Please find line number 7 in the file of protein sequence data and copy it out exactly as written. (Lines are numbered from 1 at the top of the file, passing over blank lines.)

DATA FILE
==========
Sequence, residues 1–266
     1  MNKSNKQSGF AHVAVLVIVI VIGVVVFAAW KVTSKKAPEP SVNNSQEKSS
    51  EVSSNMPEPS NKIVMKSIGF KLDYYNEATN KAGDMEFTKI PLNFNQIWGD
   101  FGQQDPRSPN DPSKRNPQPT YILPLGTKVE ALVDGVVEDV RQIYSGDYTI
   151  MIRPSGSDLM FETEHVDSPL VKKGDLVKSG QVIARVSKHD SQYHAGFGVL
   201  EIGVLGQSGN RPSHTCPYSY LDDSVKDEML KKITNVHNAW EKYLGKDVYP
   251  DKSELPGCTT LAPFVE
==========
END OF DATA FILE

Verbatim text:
   251  DKSELPGCTT LAPFVE